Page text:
Chicago's Italian population is estimated at 15,000 to 20,000. This appears to be a low estimate in view of the fact that about 500,000 Italians have immigrated to the United ...

    Italian
    III G, II B 2 d 1, II B 2 d 2, II A 3 b, III B 2, II A 1, II A 2, II D 1, III A, III C, IV
  • L'italia -- March 17, 1894
    The People from a Town in Italy Called Arizi Are Founding a Society

    In Chicago there are 50 people from Arizi Province Basilicata Italy. A society was founded and called Arizis Society of Mutuo Soccorso (Arizi Society for Mutual Assistance.) The honorary president is Peter La Lava. The rest of the Colony are wishing this society and its members loads of success.

    In Chicago there are 50 people from Arizi Province Basilicata Italy. A society was founded and called Arizis Society of Mutuo Soccorso (Arizi Society for Mutual Assistance.) The honorary president ...

    Italian
    II D 1, V A 1, III G
  • L'italia -- July 14, 1894
    [Let Us Enter the Political Arena]

    The Italian Colony of today possesses such forceful elements that willing or unwilling it is constrained to enter the political arena.

    Thirty years ago the Colony was a nonentity, not by reasons of the number of its members but because of their moral standing. Today, however, conditions are very much changed, and our Colony presents to the observer two indisputable facts: an American or Americanized generation on the one hand, and on the other, a continuous immigration of intelligent elements.

    The young people who came here in childhood, or who have been born on American soil, may understand the respective dialects of their parents, but very few of them are familiar with the Italian language. They speak English, to which they have become accustomed, either through the necessity of 2companionship or by reasons of instructions received at school.

    Intelligent immigrants, anxious to learn the new language, study the customs of the people with whom they come into daily contact; for they have quite another end in view than that of those who came here in childhood. With the former, days count for years, and although they rarely become masters of the language, they easily adapt themselves to American life which they render more vigorous by the contribution of their European thought, the result of education, the basis of which is formed by the principles of right taught to the world for centuries by those great civilizers - the Greeks and the Romans.

    The Italians born in America, Americanized youth and the new intelligent immigrants are the three factors that draw the Italian Colony into politics 3which, must be considered as the logical expression of acquired civil rights. Non-participation in politics means the renunciation of human liberty, and hence the annulment of personal civil right.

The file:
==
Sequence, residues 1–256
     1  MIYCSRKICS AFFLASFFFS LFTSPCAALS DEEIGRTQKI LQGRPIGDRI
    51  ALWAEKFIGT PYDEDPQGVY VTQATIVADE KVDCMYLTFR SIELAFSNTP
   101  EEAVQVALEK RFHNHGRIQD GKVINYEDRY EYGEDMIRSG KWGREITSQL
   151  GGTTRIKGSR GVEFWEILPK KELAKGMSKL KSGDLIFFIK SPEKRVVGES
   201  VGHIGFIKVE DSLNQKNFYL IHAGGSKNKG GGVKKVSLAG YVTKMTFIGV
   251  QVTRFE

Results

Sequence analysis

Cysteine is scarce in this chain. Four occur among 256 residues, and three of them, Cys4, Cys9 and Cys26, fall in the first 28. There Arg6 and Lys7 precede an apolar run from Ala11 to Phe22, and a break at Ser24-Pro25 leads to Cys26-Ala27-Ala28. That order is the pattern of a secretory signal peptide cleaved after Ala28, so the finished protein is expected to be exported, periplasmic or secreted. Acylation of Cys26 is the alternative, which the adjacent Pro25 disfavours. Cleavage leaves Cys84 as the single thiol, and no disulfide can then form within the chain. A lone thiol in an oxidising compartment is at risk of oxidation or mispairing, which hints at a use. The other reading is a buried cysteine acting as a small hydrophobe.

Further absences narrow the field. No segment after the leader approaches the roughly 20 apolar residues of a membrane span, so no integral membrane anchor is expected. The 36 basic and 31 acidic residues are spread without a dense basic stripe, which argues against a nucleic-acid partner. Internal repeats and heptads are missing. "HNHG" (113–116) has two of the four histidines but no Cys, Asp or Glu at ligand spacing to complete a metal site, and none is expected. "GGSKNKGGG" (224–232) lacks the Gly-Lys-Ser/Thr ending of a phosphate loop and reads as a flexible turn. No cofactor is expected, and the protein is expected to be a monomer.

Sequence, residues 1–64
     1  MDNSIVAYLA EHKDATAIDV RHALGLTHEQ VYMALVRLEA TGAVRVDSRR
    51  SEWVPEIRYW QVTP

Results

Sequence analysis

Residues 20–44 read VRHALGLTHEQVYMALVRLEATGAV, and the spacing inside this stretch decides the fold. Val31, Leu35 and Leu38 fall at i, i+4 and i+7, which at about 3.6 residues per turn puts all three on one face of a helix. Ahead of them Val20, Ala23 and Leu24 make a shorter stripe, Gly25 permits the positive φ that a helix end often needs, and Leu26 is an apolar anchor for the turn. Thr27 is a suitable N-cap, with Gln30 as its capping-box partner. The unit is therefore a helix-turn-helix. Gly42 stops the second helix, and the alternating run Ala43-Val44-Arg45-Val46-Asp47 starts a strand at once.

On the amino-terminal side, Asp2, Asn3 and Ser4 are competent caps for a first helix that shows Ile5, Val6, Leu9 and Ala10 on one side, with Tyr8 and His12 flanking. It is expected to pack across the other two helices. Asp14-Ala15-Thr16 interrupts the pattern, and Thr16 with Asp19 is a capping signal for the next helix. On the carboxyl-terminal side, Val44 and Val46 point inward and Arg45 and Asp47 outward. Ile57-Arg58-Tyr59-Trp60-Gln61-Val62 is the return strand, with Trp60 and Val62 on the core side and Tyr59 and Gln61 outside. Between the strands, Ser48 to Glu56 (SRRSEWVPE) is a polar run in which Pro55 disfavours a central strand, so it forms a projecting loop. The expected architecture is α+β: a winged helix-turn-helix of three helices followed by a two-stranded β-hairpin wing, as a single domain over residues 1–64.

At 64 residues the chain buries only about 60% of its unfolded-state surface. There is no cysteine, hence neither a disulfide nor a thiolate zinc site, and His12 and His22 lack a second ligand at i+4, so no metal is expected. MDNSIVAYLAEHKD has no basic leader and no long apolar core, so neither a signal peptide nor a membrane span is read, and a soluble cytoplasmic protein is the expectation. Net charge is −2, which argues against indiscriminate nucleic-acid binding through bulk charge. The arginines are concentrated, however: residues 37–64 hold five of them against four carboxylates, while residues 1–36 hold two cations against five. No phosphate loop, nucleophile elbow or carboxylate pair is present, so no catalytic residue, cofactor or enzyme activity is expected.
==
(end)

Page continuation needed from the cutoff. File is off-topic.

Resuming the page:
Now, Italo-Americans and intelligent immigrants, do not intend to renounce their rights, to annul their civil entity, to concur with inactivity in the moral suicide of the Italian Colony. Desiring to unite with the other Colonies which form the nation, they resolve to show the power of their public right, by entering the political arena. But it is necessary that they should have an exact idea of the struggle in which they are to take part. The thought of individual advantage, as a principle of nature is correct, however it must be in accord with the general welfare of the Colony, which should always be preferred.

    The Italian Colony of today possesses such forceful elements that willing or unwilling it is constrained to enter the political arena. Thirty years ago the Colony was a nonentity, not ...

    Italian
    I F 4, III A, III G, I C
  • L'italia -- September 10, 1898
    Italians in Chicago

    Mr. John E. Fitzgerald, Superintendent of the School Census, states that Chicago numbers 1,851,588 inhabitants.

    The precise number of Italians living in this city is reported to be 23,061, and they are divided as follows:

    On the North Side, 4,112; South Side, 4,434; West Side, 14,151.

    Of these, 12,585 were born in Italy and 10,348 in America. The remainder, 125 have only one parent, of Italian-birth. The 19th Ward contains the largest number of Italians - 8,322.

    The City of Chicago has altogether 25 different nationalities: The Germans lead with 490,542, and the smallest is the Mexicans, with 152 people.